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Medium 9781934009314

Chapter 2 Teaching and the Change Wars: The Professionalism Hypothesis

Michael Fullan Solution Tree Press ePub

Linda Darling-Hammond

As the 21st century has dawned, nations around the world are undertaking major transformations of their governmental and education systems in response to changing economic, demographic, political, and social imperatives. Nearly all countries are engaged in serious school reform initiatives to address demands for much higher levels of education for a much greater number of citizens—demands created by a new information age, major economic shifts, and a resurgence and redefinition of democracy around the globe. The need to prepare future citizens and workers who can cope with complexity, use new technologies, and work cooperatively to frame and solve novel problems—and the need to do this for a much more diverse and inclusive group of learners—has stimulated efforts to rethink school goals and redesign school organizations.

There are competing views of how these massive changes should be pursued. Among the contending theories of action are the following:

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2 Using Social Media Tools to Enhance Professional Development

William M. Ferriter Solution Tree Press ePub

Like many educators, coauthor and sixth-grade teacher Bill Ferriter is frustrated by traditional approaches to professional development. He states,

 

I rarely learn anything useful in professional development sessions simply because the majority of professional development sessions are presented once and never referred to again. What’s more, the content covered in professional development sessions never seems to target my own teaching strengths and weaknesses and the structure of professional development sessions never seems to give teachers the opportunity to interact in meaningful ways with one another. As a result, I can’t think of too many formal professional development opportunities that have changed who I am as an educator. (Ferriter, 2010a)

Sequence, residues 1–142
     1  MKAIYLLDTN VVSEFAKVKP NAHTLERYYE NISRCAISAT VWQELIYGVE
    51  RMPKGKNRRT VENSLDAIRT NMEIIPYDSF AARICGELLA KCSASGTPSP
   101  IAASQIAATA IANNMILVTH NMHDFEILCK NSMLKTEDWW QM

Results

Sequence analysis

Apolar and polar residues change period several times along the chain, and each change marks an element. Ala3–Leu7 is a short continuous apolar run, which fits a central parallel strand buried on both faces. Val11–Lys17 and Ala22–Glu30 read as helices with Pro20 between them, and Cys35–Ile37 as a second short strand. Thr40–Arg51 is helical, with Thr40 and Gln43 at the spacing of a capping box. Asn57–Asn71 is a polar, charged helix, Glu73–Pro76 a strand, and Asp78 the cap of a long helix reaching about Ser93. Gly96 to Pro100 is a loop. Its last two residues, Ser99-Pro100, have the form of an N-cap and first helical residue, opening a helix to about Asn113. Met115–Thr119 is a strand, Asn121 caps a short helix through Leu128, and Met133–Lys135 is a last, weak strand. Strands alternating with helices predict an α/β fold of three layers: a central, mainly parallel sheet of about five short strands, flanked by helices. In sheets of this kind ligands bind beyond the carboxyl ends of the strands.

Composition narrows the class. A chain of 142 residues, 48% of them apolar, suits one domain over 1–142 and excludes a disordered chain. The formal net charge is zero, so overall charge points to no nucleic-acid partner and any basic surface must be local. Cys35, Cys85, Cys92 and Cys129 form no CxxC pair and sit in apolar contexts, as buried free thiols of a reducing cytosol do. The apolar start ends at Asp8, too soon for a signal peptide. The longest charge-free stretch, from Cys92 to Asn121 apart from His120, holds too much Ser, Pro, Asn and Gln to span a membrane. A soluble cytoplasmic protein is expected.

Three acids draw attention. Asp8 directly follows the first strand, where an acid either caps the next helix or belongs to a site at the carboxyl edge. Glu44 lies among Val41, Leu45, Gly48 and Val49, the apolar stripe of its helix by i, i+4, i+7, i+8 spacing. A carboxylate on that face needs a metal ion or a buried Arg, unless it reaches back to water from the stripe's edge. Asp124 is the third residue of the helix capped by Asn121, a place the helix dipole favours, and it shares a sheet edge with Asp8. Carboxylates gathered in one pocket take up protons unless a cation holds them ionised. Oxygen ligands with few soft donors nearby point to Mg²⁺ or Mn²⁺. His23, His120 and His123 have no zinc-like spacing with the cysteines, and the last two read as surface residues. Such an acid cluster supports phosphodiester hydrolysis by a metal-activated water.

Sadly, anyone working in schools will probably find Bill’s pessimistic description of professional development all too familiar. Despite the fact that educators passionately argue about the importance of delivering engaging, student-centered lessons built around opportunities for experimentation and social interaction—and despite knowing that ongoing, meaningful professional development is essential to improving teaching and leadership practices (Kostin & Haeger, 2006)—the same passion rarely translates into the work we do to prepare our teachers. Instead, we continue to hire experts to deliver training to large groups of teachers during stand-alone faculty meetings, creating an interesting educational dichotomy: teachers groaning every time they are asked to be learners. Even the euphemisms we use to describe the structure of professional development— Spray and Pray, Sit and Get, Sage on the Stage—are derogatory.